FAO Director-General QU Dongyu will address the High-Level Event on the Humanitarian Situation in Afghanistan

FAO remains on the ground in Afghanistan. Millions of people in rural areas depend on agriculture for their livelihoods and food security

On 13 September, the Director-General of the Food and Agriculture Organization of the United Nations (FAO), QU Dongyu, will address a High-Level Ministerial Meeting on the Humanitarian Situation in Afghanistan.

The High-Level Meeting is being convened by the UN Secretary-General, António Guterres, in Geneva to highlight the Afghanistan's acute needs and draw attention to the need for urgent funding support.

The Event will be held in English and be livestreamed on UN Web TV. It will take place in a hybrid format, combining limited participation in Geneva with a virtual platform.

FAO's views and work in Afghanistan:

DEEPENING CRISIS. Millions of people in rural Afghanistan depend on agriculture for their livelihoods and household food security. 

  • 70% of all Afghans live in rural areas; agriculture generates 25.5% of GDP, directly employs 45% of the workforce and provides livelihoods benefits (direct + indirect) to 80% of the population.  

HUNGER. Food insecurity and threats to rural livelihoods have been a growing concern for months.

  • The last IPC analysis (March-May) found that 1 in 3 Afghans are acutely food insecure: 14 million people.

WINTER WHEAT SEASON. The unfolding situation is causing new disruptions - cash availability, markets, the availability of agricultural inputs, credit and labor - threatening Afghanistan's critical upcoming winter wheat season.  

  • Over half of an average Afghan's daily caloric intake comes from wheat.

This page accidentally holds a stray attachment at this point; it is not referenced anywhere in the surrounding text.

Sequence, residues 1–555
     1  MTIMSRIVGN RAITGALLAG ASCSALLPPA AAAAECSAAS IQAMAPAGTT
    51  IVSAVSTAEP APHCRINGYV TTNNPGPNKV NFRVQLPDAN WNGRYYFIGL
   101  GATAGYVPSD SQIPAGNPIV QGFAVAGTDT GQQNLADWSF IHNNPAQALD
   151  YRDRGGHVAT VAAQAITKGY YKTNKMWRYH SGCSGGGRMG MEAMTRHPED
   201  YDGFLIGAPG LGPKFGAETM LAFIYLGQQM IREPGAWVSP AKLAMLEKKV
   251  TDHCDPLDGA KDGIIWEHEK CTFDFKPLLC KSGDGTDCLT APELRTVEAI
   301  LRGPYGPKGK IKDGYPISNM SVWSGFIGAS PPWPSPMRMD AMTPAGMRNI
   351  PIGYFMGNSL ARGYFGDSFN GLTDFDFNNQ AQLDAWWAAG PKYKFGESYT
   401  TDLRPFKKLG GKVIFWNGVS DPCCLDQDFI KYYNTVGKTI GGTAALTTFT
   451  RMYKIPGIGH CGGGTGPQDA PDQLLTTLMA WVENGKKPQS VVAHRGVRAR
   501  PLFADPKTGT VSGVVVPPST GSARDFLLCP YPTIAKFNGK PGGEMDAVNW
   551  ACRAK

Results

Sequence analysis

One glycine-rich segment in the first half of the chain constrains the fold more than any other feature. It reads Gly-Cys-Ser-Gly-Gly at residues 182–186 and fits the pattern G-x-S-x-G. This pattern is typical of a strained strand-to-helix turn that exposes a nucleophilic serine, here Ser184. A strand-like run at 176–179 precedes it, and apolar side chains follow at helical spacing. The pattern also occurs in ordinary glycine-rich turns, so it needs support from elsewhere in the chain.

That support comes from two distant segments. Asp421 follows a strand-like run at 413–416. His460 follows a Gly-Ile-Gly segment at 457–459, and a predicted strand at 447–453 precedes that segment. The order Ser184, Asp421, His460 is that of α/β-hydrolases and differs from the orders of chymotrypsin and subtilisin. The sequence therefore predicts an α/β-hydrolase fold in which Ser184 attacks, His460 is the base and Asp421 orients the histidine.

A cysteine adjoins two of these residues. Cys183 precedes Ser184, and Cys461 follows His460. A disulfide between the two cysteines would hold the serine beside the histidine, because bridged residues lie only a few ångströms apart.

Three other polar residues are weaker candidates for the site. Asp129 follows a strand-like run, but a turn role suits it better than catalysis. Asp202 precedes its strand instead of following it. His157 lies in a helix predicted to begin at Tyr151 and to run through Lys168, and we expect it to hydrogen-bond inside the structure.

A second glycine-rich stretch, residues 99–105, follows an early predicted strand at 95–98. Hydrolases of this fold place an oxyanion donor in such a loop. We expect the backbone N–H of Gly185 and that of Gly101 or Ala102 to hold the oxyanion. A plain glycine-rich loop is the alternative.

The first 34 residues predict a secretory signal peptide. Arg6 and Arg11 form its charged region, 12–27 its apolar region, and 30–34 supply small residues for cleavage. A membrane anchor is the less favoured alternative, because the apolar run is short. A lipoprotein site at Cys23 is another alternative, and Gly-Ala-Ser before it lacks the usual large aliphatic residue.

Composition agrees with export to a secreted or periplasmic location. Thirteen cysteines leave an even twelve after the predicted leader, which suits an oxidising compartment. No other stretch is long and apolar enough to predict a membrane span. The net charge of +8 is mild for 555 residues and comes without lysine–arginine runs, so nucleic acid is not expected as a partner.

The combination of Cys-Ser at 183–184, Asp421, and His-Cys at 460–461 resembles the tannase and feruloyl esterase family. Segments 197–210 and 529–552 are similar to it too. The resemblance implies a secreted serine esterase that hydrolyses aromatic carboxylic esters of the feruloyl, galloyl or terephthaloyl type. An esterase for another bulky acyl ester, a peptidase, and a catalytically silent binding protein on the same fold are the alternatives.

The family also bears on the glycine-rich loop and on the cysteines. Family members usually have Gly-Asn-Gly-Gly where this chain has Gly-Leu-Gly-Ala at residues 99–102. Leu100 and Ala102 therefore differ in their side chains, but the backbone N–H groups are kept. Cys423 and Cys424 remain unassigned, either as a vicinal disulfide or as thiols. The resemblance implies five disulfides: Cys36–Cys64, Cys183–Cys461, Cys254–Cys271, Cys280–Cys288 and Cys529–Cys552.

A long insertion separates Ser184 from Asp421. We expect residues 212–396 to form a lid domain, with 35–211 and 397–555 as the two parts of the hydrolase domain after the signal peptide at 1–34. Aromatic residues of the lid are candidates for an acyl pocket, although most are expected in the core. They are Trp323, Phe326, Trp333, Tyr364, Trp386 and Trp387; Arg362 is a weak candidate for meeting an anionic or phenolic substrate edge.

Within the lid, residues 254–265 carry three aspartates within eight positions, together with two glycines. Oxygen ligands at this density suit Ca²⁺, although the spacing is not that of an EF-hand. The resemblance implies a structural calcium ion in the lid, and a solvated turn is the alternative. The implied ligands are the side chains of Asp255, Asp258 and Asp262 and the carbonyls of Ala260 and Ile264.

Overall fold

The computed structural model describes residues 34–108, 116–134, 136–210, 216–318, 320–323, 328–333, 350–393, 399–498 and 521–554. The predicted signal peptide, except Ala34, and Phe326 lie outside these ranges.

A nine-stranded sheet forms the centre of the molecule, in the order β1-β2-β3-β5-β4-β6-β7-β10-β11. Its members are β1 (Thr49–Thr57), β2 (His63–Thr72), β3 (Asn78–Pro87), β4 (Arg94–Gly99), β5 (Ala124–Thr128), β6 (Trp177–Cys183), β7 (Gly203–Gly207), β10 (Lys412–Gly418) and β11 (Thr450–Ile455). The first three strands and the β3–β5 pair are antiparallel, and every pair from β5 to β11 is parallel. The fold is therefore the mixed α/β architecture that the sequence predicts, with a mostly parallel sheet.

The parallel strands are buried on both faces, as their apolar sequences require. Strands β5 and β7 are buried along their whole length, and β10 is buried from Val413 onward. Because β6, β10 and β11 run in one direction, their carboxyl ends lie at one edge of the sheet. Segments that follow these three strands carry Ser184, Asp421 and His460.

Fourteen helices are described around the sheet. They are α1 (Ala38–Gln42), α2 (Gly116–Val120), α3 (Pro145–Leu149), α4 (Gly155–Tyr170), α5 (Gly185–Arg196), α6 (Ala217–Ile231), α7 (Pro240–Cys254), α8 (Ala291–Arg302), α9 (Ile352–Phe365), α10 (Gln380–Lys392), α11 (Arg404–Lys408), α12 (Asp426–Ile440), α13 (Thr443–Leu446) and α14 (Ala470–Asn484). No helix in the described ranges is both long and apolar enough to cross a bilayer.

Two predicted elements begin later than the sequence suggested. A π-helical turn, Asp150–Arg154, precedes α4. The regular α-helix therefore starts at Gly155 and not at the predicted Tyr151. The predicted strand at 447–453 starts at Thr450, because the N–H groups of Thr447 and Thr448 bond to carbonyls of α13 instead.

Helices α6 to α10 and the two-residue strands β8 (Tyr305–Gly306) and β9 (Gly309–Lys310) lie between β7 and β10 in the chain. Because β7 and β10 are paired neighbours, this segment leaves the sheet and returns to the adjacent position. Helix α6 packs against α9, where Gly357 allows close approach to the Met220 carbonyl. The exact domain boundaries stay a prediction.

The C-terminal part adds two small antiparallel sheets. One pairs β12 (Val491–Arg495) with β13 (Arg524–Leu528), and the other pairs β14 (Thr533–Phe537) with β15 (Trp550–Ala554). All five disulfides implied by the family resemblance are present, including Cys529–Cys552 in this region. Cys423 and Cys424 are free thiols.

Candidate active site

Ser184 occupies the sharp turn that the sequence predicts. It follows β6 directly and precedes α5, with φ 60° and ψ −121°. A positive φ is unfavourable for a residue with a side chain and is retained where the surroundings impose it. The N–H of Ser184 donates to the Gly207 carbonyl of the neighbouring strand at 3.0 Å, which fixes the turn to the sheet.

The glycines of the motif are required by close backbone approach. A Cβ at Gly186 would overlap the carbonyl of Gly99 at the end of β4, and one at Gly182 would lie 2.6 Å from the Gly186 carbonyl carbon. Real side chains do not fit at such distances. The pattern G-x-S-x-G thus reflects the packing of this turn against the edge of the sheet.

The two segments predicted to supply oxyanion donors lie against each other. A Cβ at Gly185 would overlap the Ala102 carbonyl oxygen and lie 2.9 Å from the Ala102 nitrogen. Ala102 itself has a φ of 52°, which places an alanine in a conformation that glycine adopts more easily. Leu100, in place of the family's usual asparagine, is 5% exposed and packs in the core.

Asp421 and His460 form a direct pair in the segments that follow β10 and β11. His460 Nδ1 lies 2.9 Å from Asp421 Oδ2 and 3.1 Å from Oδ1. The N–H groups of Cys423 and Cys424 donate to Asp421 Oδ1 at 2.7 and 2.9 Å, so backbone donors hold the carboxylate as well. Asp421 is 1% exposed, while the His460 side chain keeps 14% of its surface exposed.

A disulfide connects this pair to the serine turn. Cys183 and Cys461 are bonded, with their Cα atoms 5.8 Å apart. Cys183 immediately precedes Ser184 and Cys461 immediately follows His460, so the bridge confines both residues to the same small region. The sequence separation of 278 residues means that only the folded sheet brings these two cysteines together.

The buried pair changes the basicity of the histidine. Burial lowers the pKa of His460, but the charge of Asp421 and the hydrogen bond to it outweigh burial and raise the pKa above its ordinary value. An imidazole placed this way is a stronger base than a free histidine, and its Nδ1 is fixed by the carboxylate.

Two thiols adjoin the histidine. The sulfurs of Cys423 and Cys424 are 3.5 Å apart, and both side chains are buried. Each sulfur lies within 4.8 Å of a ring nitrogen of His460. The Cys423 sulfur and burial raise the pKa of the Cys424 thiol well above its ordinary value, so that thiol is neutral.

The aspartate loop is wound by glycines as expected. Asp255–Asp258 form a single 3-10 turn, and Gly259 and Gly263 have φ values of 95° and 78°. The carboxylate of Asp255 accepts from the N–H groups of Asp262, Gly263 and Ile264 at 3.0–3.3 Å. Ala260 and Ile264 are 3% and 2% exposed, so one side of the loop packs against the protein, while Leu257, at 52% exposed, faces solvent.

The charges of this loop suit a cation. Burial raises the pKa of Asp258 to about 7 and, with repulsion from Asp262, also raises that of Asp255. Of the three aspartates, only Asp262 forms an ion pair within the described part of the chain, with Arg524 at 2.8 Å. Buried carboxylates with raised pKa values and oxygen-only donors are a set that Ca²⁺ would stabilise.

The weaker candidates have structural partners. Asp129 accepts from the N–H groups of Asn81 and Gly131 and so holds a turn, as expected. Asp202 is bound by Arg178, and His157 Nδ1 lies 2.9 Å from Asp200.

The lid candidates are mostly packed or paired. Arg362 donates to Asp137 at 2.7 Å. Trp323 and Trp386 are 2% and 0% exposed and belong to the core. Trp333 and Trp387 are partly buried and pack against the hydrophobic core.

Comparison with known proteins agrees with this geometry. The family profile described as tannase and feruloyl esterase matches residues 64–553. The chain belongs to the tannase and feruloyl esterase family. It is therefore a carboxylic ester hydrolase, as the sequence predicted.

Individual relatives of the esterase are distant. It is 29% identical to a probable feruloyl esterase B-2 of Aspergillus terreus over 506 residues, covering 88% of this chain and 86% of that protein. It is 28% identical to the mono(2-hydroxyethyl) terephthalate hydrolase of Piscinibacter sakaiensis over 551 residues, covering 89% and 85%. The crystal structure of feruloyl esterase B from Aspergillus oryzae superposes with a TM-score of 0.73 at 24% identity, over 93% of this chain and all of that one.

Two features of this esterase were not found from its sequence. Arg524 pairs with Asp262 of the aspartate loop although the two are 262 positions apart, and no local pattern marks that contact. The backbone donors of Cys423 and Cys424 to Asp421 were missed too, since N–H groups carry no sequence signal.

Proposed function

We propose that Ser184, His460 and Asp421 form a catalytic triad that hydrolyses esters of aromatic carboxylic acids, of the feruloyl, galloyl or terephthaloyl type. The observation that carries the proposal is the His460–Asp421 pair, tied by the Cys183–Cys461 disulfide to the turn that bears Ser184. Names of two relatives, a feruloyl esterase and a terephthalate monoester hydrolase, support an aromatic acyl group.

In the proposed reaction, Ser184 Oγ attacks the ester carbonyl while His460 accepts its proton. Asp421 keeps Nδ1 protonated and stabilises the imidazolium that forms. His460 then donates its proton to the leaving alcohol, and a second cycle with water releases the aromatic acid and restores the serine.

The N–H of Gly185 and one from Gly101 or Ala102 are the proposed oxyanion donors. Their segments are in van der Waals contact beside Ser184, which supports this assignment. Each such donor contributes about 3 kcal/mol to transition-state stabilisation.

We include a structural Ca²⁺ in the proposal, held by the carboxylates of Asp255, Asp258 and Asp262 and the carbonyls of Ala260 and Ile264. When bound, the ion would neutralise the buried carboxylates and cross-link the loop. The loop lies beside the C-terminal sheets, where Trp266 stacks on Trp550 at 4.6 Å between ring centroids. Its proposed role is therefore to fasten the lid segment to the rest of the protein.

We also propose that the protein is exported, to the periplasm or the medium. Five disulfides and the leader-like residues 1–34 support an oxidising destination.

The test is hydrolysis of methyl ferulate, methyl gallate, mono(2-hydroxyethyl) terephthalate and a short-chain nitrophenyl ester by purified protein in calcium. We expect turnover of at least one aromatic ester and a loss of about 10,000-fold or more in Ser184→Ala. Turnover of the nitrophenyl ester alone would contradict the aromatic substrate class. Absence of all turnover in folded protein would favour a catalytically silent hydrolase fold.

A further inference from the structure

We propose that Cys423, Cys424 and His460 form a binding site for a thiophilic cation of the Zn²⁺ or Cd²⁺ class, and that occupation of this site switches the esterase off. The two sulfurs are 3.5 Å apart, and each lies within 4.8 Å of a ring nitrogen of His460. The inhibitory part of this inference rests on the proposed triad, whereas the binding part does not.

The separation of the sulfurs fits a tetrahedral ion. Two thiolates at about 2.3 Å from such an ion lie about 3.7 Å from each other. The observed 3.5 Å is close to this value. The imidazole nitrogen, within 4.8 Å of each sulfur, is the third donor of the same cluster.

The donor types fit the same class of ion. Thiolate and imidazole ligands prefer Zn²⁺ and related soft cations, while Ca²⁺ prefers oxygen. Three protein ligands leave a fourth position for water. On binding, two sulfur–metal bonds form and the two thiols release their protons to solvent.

• Most of the wheat grown in the country is sourced to this upcoming rainfed winter season.

WE CAN'T WAIT. The window of opportunity to assist farmers for the fast-approaching winter wheat season is narrow and time bound. Seeds can't wait. Farmers can't wait. We must scale up support now.

  • FAO's standard wheat cultivation package (high-quality certified seeds, fertilizers, and training) can generate enough wheat to meet the cereal needs of an average household for an entire year. 

KEEPING LIVESTOCK ALIVE. Keeping farmers in their fields and livestock owners with their herds will be key to preventing deepening crisis and cascading humanitarian needs.

  • To keep livestock healthy and productive, vulnerable herders urgently need concentrate animal feed, veterinary care for their animals, and training in health and feeding best practices. 

DROUGHT, MALNUTRITION AND DISPLACEMENT. In addition to wheat, Afghanistan's entire agricultural sector is reeling from a severe and ongoing drought. 7.3 million people who rely on agriculture and livestock have been badly affected. Drought now affects 25 out of 34 provinces. 

  • The collapse of agriculture will lead to increased malnutrition, more displacement and increases in acute humanitarian caseloads and needs.
  • Without urgent support, farmers and pastoralists could lose their livelihoods and be forced to leave rural areas, adding further pressure to urban and peri urban areas as internally displaced people (IDPs).  The costs of assistance to IDPs are much higher than assisting them at their place of origin. 

RURAL CRISIS. While the airport and movements into and out of the country have rightfully been a focus over the past 2 weeks, we can't lose sight of rural communities, which are more remote and difficult to access but where the situation is relatively calm and opportunities for scaling up support are growing. FAO remains on the ground in Afghanistan and delivering in rural areas to meet rising needs, but more resources are required. 

  • As of August 2021, FAO has provided livelihood and cash assistance across 26 out of 34 provinces to over 1.5 million people. In August alone, FAO has reached over 200,000 people
  • FAO enjoys long-established relationships with a network of partners and financial institutions in Afghanistan as well as with at-risk communities themselves.
  • Despite the fluidity of the current situation, FAO has been able to continue operations in 28 out of the 31 provinces where we work. Afghanistan has 34 provinces. 
  • We hope to provide support to more than 1 million people in farming and livestock owning families in the coming few weeks.

Photo:©FAO/Farshad Usyan
A farmer in Afghanistan.